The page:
The Damned tour was a big, glorious “smelly tour bus” adventure; but wasn’t always a picnic. “The burlesque got a mixed reception,” says Missy. “Some of the punks loved it, but some hated it – they just didn’t get it, ’cause they’re old scummy punks! Of course, being a punk gig, you got beer thrown at you! But because I was 9ft tall, I could see exactly who’d done it and I just pointed at the culprits until they’d been removed from the building – and so they didn’t get to see The Damned! I just thought, ‘Well, if you’re gonna be an arsehole...’”

Perhaps Missy’s proudest tour legacy was inspiring the band’s lead singer Dave Vanian to reinstate his trademark two-tone hairstyle. “When I first met him he didn’t have the white streak, but he said to me, ‘Oh, damn it, I miss it!’ and it’s back now!”

tassel tussles

These days, Missy’s act takes her here, there and everywhere – perhaps most often to Milan. She’s flying there the day after the Bizarre shoot for a Disney-related catwalk show… to be Snow White. “Not sexy Snow White, though!” she giggles. “And I’m also going to be the Evil Queen – I have the eyebrows, you see.”

Another gig saw Missy dancing at high street fashion brand Miss Sixty’s area at Berlin Fashion Week, at Tempelhof airport. “The fair was inside the airport, but also spread right out onto the runway. Even the baggage carousels had brochures and goodie bags going round.”

She also worked on a Bollywood movie. “It was like being in a film,” she says – without irony – of living in India. “I’ve never seen poverty like that before. And they made us dance until our feet bled. They wanted cabaret-style dancing and proper dance routines, which none of us had ever done, with a bit of Bollywood dancing thrown in!

They could have got West End dancers but they wanted something a bit more ‘risqué’.” Don’t expect to see Rafter any time soon, though: the film appears to have disappeared.

Another much-loved side to her business is the one-day workshops that she runs with long-time burlesque buddy Leyla Rose, at which amateurs are given free rein to try belly dances and fan work. “It’s definitely not a class!” explains Missy, “We’re not trying to teach people. I truly believe that, as far as burlesque is concerned, there is no right or wrong way to do it.”

 So it’s not like, say, trained dancing? “No! Burlesque was spawned from people imitating other art forms and not getting it quite right. They’d see Egyptian belly dancers, go, ‘Oh, that looks awesome,’ not know what they were doing and invent the cooch dance. The hoochie coochie was belly dancing gone wrong!”

Missy’s desire to distance herself from the snootier side of the scene gives her tone an impatient edge. “There’s no right way to take a bloody glove off!” You won’t learn striptease or tassel twirling there, either. “I can twirl tassels but I don’t tend to,” she says, “because there are better tassel twirlers than me. I’m more proud of being able to stiltwalk!”

Her act’s become so popular, in fact, that the great Vince Ray – designer of Bizarre’s own Ultra Vixens logo – has created a T-shirt just for her. “I danced at his Voodoo Crypt at the London Tattoo Convention,” says Missy. “We hung out, kept in touch and then collaborated on the design. He’s such a cult icon!” Not surprisingly, interest in the T-shirts is through the roof.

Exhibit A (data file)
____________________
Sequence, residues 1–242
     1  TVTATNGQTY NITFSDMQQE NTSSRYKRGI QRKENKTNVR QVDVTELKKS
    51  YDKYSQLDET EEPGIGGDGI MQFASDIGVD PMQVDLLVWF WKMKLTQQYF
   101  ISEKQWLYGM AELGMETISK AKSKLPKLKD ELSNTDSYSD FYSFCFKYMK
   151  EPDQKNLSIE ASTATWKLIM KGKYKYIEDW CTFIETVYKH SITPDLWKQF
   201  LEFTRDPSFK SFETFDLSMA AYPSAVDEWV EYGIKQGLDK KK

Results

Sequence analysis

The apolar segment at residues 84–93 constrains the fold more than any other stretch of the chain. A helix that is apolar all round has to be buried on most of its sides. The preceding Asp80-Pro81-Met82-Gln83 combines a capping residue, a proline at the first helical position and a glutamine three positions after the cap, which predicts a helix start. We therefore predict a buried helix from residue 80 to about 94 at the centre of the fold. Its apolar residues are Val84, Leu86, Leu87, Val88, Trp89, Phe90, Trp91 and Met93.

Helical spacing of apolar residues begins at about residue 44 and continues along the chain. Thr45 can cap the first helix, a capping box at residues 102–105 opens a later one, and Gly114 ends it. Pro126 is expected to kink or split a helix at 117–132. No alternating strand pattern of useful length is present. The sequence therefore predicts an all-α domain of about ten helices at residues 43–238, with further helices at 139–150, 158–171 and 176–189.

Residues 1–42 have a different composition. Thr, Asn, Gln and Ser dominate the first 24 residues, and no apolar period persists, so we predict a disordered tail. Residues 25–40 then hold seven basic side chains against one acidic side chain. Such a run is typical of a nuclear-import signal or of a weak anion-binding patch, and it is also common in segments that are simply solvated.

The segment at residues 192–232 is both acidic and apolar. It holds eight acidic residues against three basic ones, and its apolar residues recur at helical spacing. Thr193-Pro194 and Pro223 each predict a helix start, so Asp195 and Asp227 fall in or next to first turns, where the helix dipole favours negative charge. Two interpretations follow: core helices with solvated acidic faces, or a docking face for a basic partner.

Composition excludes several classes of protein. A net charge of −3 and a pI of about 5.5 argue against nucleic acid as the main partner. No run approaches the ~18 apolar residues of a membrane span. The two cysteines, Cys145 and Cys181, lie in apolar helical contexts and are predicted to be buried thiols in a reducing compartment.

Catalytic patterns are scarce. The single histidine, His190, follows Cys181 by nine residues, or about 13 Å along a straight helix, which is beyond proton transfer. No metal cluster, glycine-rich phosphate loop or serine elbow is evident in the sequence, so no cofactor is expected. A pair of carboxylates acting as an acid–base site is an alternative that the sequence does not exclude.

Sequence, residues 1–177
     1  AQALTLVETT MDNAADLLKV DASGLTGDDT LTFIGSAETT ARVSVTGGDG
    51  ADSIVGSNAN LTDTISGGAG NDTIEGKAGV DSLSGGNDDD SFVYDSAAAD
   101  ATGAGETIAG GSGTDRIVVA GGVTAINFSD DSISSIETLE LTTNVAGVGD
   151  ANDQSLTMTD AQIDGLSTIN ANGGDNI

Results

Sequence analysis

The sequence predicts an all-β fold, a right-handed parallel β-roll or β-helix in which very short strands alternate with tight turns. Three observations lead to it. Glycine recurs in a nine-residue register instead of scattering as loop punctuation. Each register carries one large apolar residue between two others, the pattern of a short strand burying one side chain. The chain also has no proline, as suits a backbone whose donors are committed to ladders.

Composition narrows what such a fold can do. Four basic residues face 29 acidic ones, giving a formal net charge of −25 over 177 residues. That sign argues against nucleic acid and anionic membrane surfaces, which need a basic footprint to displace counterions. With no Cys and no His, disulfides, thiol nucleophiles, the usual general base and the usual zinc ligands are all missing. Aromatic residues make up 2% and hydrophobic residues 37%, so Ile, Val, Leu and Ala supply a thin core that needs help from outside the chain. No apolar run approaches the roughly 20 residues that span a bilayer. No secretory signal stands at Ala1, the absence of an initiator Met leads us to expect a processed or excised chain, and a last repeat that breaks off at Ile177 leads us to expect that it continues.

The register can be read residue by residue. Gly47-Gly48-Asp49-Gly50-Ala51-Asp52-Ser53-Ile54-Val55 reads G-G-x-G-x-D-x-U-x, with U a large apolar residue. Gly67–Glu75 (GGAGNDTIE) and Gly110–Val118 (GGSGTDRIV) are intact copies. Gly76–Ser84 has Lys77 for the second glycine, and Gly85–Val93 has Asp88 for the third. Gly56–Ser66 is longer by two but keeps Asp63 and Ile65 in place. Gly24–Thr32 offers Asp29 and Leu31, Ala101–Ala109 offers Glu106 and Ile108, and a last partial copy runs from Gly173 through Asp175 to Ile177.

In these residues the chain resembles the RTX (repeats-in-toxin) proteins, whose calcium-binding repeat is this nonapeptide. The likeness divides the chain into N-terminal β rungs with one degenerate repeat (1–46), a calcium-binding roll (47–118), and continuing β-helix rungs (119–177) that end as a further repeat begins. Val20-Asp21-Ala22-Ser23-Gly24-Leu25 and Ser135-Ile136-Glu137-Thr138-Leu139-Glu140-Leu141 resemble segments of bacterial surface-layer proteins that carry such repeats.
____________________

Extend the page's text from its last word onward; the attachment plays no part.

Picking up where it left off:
Missy’s also about to embark on another level of entertainment – having her own show. It hits the Everyman Theatre, Cheltenham, in February, and stars Leyla Rose, Vicky Butterfly, magician Christian Lee and compere Desmond O’Connor. And its name? The Missy Malone And Friends Burlesque Revue!

“I felt like a massive wanker to start with – like a total diva, but they insisted,” she says. “It’s the first time I’m calling the shots and paying the money. The next step is to be more involved with producing shows. I really enjoy running my own business – even the accounts side of things.”

The 5ft5in honey never divulges her real name, but even her teachers called her ‘Missy’. She took her moniker from a Catherine Cookson story, The Mallen Streak, in which all the men in a family have a shock streak of white hair.

She explains, “My dad had watched the TV version of the book, and used to make fun of my white streak of hair. Originally my name was going to be Missy Mallen, but it didn’t quite roll. Missy Malone has a good trashy sound to it.”

Missy’s into rock and roll – Metallica, Dolly Parton, Screaming Jay Hawkins and electro (she performs her Bride Of Frankenstein bit to Basement Jaxx’s ‘Get Me Off’) – but she’s rarely to be found in clubs unless she’s performing. “I like hanging out with my family, my boyfriend... and I’m really into hot rods, so we go to the Hemsby Rock’n’Roll Weekenders. We’re saving for a car,” she adds. “I’d like to get a Morris Minor, a cream one, with a leopard print interior.” Fierce.

For now, her mode of transport is her purple’n’gold 1950s-style Dawes bike: ‘The Duchess’.

She also relaxes by “generally disappearing out of the city. I’d also love to learn a proper dance skill, such as flamenco or ballroom”. And with that it’s time to dress up again for another shot – stopping by the kitchen first, though, for another cup of tea.